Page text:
The Yellow Wall Paper By Charlotte Perkins Gilman

The Yellow Wall Paper By Charlotte Perkins Gilman

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Due to many male-dominated marriages in the early 19th century, some attitudes toward women were viewed as weak second-class citizens who were deprived of self-expression and individualism. In the short story The Yellow Wall-paper, Charlotte Perkins Gilman unbinds the limited roles women had in their marriages. She reveals that these women were subjected to their husbands because they were seen as vulnerable and over emotional during this time. Gilman creates an unnamed female character that is diagnosed with hysteria by her husband and physician, John. He believes the best way to cure her case of hysteria is to stay contained in her room without stimulation of any kind, which could further worsen her condition. In a secret journal she keeps from John, she writes her true feelings of her situation and the new fixation she has on the yellow wallpaper in her bedroom. Her hysteria quickly worsens when she begins to see a creature trapped behind the pattern in the wallpaper and she soon realizes that she has become the lifeless creature behind this wallpaper and she decides to escape. In The Yellow Wall-paper, Gilman constructs the psychoanalysis of a woman bound in the 19th century to portray her mental deterioration, which is caused by the subordination of her husband.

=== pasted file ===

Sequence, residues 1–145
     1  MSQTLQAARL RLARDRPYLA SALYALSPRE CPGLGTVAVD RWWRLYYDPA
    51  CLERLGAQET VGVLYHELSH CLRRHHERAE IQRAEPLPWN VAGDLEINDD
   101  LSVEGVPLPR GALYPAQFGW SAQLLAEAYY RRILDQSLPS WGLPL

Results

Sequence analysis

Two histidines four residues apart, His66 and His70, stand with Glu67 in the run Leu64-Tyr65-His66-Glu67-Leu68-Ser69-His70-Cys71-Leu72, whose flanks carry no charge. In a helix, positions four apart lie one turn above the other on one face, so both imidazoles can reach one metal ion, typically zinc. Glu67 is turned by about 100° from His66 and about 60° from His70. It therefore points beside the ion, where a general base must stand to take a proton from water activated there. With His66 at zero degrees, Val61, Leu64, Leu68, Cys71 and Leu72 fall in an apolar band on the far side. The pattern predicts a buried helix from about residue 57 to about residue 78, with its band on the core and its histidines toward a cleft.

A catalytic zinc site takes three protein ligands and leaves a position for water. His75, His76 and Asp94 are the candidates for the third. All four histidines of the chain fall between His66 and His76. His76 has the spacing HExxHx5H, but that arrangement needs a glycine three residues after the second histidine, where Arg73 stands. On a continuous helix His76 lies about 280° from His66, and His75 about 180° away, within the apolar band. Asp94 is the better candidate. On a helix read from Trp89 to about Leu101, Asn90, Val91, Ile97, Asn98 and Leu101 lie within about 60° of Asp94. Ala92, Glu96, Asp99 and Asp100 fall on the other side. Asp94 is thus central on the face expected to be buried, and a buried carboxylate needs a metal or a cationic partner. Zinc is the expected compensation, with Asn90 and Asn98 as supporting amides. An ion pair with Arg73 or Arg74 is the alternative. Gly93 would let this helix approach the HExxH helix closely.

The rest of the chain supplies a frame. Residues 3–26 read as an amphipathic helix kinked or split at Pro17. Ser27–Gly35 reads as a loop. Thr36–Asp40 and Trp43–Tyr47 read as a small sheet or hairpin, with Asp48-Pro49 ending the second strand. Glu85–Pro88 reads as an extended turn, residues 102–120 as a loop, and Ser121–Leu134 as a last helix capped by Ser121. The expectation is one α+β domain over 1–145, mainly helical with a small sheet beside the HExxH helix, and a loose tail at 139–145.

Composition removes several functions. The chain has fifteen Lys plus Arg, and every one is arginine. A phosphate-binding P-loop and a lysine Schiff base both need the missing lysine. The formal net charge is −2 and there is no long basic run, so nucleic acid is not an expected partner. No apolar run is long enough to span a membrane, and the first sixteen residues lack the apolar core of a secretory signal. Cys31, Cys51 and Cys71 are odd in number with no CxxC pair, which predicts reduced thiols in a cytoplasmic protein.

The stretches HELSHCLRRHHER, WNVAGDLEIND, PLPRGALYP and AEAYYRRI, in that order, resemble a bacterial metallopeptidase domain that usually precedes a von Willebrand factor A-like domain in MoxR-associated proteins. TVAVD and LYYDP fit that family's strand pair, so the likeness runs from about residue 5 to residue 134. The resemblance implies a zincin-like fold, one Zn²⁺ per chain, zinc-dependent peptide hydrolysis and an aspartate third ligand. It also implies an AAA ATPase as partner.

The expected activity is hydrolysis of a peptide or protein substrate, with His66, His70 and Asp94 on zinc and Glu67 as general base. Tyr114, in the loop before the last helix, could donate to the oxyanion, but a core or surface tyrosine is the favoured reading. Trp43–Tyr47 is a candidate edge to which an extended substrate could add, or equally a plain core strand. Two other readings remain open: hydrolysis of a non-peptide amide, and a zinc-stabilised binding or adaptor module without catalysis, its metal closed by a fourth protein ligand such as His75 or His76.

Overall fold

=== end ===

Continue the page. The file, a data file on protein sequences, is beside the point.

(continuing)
The narrator’s subordination to her husband is first emphasized by the degrading diction and details seen throughout the story. At the beginning of her illness, the couple has just moved into their summer mansion and the first phrase that she uses to describe John is “John laughs at me of course”, which is the first sign that shows he does not take her seriously (Gilman 792). She goes on to say “…but one expects that in marriage” which represents her place in their ...


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...rriage and to achieve her own self-expression to find herself. In the last few lines, the narrator says “in spite of you and Jane!” (Gilman 803). Gilman finally hints the main character’s name is Jane, which symbolizes that now her name is said, her identity is discovered and her self-expression is now free to roam after escaping the threshold of the bars in the yellow wallpaper.
Being silenced by John and constricted by the walls around her, transforms the narrator into someone who longed so much to be free that her mentality is lost in the process. Charlotte Perkins Gilman created a piece that aimed to illustrate women’s needs for self expression and the misunderstandings of women made by men in the 19th century. During this time period society illuminates the idea of male dominating marriages, a tight control of self-expression, and high expectations of behavior.

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